Kristin: Welcome to this week’s episode of “Yo, Is This Racist?” podcast. Also, let’s welcome our guest, Pam! Pam brings us a personal story regarding one incident of her many encounters with racism.
Pam: Hey everyone. It’s good to be here.
Kristin: So, since no one knows Pam, I’ll give you a little bit of a background on her. Pam is a middle-aged, African American woman. She has worked in the local school system’s school nutrition services for 18 years. Let me clarify a little- by local I mean Rowan County, North Carolina.
Pam: Thanks, Kristin. Indeed, I have worked in school nutrition services since 2002. Since then, I haven’t worked in the same school. I’ve worked at high schools, middle schools, and elementary schools. The story I am going to share with you involves a middle school in the eastern part of the county. The geographic location is a key factor as well because it seems as if the county is segregated. The eastern and western parts of the county have a very low Black population.
Kristin: Ah, yes it does. I’ve definitely noticed that. Especially since my upbringing was in the eastern section. Well Pam, I’m ready to hear your story and I’m sure our listeners are, as well.
Pam: This particular incident happened in 2003. That day, as I said, I was working in a middle school. I was working on the serving line; you know, serving food to the students. I had just finished serving a class, so my line was empty. The other line still had students in it. So, I waved for some of those kids to come to my line. I mean, our job is fairly simple, get the kids through the line as fast as we can so they have time to eat. However, the boy that was paying attention to me and saw me wave, turned his head and ignored me. His teacher, who was in line supervising her class, says to the back half of the line, “From Nicholas back, y’all go over to Miss Pam’s line.” Nicholas turns to his teacher and responds with, “I ain’t letting no n***er touch my food.”
Kristin: What?! That is insane. So what happened?
Pam: Well, the teacher immediately took him out of the line and he went to the principle’s office. I’m assuming he got suspended because I didn’t see him for a few days. The next week, I got a written apology from him explaining why what he did was wrong and that he was sorry.
Kristin: He should have been made to apologize to you face to face.
Pam: Yea, you’re right. But, it is what it is.
Kristin: So, this is not a question of whether or not this was racist. This was for sure racist. And this coming from a middle schooler. So, the boy was between 11 and 14. So why do you think he said this, Pam?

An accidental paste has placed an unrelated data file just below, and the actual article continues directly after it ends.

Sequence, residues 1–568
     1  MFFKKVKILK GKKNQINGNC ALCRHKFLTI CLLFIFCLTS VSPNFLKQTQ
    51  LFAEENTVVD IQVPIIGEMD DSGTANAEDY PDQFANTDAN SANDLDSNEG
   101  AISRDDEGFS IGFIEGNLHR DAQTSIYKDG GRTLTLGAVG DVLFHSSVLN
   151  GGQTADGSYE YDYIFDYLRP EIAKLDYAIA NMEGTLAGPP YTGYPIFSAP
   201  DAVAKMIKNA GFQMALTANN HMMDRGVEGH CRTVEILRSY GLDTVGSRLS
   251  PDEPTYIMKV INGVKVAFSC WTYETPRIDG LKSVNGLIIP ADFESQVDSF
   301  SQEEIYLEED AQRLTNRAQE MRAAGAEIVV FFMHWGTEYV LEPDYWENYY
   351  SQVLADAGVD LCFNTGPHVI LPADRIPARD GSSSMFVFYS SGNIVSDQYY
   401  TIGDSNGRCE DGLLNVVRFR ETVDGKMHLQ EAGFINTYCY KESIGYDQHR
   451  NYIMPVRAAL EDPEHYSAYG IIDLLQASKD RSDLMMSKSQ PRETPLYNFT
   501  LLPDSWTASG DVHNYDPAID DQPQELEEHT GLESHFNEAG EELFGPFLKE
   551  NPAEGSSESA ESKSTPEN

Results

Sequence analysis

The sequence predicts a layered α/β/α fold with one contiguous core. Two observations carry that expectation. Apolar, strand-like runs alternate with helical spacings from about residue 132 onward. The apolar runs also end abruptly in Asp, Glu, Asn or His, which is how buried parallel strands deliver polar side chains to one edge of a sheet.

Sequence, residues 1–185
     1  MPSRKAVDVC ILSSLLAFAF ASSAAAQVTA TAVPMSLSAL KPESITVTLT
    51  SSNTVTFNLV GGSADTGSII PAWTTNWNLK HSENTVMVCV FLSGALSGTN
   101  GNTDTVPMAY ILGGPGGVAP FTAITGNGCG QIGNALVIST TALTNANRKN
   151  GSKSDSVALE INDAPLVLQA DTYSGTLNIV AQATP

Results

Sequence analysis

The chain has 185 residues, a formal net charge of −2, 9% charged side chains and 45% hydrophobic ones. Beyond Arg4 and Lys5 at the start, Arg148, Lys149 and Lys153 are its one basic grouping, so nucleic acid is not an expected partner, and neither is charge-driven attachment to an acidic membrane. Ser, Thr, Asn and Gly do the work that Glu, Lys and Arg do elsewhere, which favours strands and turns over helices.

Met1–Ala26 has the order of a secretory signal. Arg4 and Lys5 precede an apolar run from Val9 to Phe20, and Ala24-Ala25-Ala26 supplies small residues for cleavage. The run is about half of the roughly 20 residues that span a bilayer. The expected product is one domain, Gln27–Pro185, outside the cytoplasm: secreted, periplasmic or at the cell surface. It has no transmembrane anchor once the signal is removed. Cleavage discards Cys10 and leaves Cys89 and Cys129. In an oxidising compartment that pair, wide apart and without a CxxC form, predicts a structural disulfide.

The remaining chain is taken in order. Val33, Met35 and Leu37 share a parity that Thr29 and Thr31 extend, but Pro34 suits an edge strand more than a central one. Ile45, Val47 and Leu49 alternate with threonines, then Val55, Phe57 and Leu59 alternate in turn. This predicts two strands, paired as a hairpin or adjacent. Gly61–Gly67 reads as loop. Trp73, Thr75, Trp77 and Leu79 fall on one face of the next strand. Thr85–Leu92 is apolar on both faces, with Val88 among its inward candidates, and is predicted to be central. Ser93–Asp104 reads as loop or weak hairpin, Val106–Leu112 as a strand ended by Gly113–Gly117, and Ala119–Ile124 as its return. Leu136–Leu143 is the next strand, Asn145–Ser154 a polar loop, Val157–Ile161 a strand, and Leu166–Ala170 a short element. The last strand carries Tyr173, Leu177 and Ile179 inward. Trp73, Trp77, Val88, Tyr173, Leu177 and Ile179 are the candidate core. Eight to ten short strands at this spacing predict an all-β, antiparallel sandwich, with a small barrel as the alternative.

Pam: I think for young children, this is a reflection of their raising. It’s what they are around and it’s what they are exposed to. I mean, how else would they learn something like that?
Kristin: Absolutely. If you had to give me a definition right now of racism, what would it be?
Pam: Geez, you put me right on the spot!
Pam: If I had to give a single definition, I would define racism as a learned concept that allows a person of a certain race to think they are better and too good to associate with people of another race.
Kristin: You say single. Why?
Pam: I think there is no one single definition. I think racism is a multitude of experiences, attitudes, and beliefs. The definition can be different from one person to another based on these things.
Kristin: Very true. Okay I’m Going to go back to your story and the boy’s punishment of a probable suspension and an apology letter. This incident occurred 39 years after the Civil Rights Act and 40 years after MLK Jr wrote “Letter from Birmingham Jail.” I think we still see racism in America in part because of the “white moderate” MLK described. Yes, there are laws in place for racial equality and a punishment for this type of behavior years ago would be nonexistent. However, there is obviously a lot of racism in America still- whether direct or indirect. It seems to be a cultural thing for people in the South. I feel like an establishment for education, such as the middle school, should be instilling in these kids acceptance of others and a lot of other things that I won’t get into right now. For me, this is where the white moderate falls into place. Just because white people don’t deal with racism and inequalities, doesn’t mean it isn’t happening. They can say, “Racism is bad,” however, is that all they are going to do? Teach the children factual information and show them how being Othered impacts people.
Pam: I think being “blind” is a real problem, like you said. If racism were impacting a white male or someone like that who doesn’t necessarily have any obstacles, this would be a problem and there would be a solution.
Kristin: Well, I could go on and on about this. However, we are running out of time here. Pam, it was great speaking with you. I’m glad you came on the show.
Pam: Me too. I hope everyone can just look at how they are presenting themselves around their children and be a good role model. If you hear something unjust, say something. Don’t let it just go in one ear and out the other.